Thursday, November 10, 2011
Imortality, Inc. by Robert Sheckley
Imortality, Inc. (1959) by Robert Sheckley
Genre: SF Time travel
Length: 5h 48m
Audio publisher: Blackstone Audio, 2011
Read by: Bronson Pinchot
Nominated for a Hugo under the name Time Killer
From: Purchased from Audible
Buy this audiobook from Audible.com
Story: Thomas Blaine, a 32 year-old junior yacht designer, is already obsolete in 1958. There are only so many yachts that need designing. When he gets in a car wreck and wakes up in 2110 New York, he has some serious questions. How is he alive? What's happened in the past 150 years? and Who will hire a 20th century yacht designer?
Thoughts: For such a short story, Imortality, Inc. is full of big ideas. It's also really funny. I guess 'yacht designer' is an occupation much like 'architect.' It's upper class, cerebral, and pays well, but it's so random, it made me laugh every time it came up. The story follows every-man Blaine from the '50's as he bumbles around future New York. It's less about time travel and more about a future where ghosts and zombies have been scientifically explained, immortality can be bought, and the afterlife is for anyone who has the right insurance. Imortality, Inc. is a forward-thinking story that could almost have been written today. Almost because it shows its age in its female characters. They start off strong and unsympathetic, but as soon as they start acting sympathetic, they fall into the female 50's stereotype of stopping their own lives to follow their men. Bleck. Ignoring the women, this is a great story with fabulous ideas.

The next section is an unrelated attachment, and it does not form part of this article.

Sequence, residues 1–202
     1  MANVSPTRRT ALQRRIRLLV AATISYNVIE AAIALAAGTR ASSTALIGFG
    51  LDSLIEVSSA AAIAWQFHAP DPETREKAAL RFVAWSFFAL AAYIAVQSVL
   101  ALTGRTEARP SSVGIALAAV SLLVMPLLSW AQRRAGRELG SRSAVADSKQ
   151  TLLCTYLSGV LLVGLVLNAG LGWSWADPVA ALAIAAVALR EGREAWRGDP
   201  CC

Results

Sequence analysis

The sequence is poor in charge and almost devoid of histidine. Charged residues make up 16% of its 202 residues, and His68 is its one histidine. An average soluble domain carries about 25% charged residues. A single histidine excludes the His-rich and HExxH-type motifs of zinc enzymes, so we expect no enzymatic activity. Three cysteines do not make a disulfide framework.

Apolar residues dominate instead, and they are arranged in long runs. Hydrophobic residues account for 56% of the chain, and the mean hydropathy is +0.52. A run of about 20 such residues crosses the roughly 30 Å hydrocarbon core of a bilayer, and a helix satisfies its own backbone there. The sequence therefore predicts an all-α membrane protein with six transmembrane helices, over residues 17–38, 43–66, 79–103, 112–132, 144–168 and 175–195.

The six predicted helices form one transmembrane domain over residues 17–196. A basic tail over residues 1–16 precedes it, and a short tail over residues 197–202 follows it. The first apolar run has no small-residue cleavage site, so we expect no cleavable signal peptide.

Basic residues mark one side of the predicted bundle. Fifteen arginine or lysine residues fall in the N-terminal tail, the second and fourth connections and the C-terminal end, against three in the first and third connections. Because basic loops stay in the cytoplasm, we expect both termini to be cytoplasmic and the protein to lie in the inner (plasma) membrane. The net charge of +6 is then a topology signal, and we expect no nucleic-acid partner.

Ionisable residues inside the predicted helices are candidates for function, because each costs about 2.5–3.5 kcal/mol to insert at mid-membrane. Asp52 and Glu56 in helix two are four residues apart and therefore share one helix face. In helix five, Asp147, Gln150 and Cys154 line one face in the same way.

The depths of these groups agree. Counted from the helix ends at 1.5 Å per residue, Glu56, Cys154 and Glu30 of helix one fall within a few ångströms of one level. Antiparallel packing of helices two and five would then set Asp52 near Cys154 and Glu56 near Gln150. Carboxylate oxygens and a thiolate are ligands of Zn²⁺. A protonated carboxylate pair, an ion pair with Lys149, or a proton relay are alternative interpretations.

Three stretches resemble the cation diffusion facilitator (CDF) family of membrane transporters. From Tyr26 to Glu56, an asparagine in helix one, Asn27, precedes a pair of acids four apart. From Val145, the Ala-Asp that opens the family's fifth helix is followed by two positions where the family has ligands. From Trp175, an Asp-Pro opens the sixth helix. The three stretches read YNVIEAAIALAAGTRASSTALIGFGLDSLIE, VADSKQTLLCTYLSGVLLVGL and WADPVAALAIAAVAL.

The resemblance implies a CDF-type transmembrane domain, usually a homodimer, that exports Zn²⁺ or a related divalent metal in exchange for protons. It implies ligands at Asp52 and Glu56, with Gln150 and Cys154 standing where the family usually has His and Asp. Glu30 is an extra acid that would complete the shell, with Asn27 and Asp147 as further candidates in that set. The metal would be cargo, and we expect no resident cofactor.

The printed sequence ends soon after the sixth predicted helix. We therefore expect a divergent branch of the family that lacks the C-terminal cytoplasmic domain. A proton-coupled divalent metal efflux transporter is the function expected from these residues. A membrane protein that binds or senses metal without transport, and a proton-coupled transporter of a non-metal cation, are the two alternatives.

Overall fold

Reading: I knew Bronson Pinchot from his role as Balki on the 1986 sitcom Perfect Strangers. He did a great job on that show, but I had no idea the guy reading this story was the same person. His voices in Immortality, Inc. are all distinct and extremely well done with a 50's noir flair. I especially liked the voice of Joe, who sounded a lot like Peter Lorre in The Maltese Falcon. His female voices were good, too, although I didn't care for the 50's baby-doll bimbo. I know it's a period voice, but it's a period voice I'd like to forget.
A scene from Imortality, Inc. where Blaine mistakenly stands in line for a suicide booth, was used in the pilot episode of Futurama. Funny stuff!
Final thoughts: A SF classic and must-listen for science fiction aficionados and Futurama lovers alike.
Grade: 5 out of 5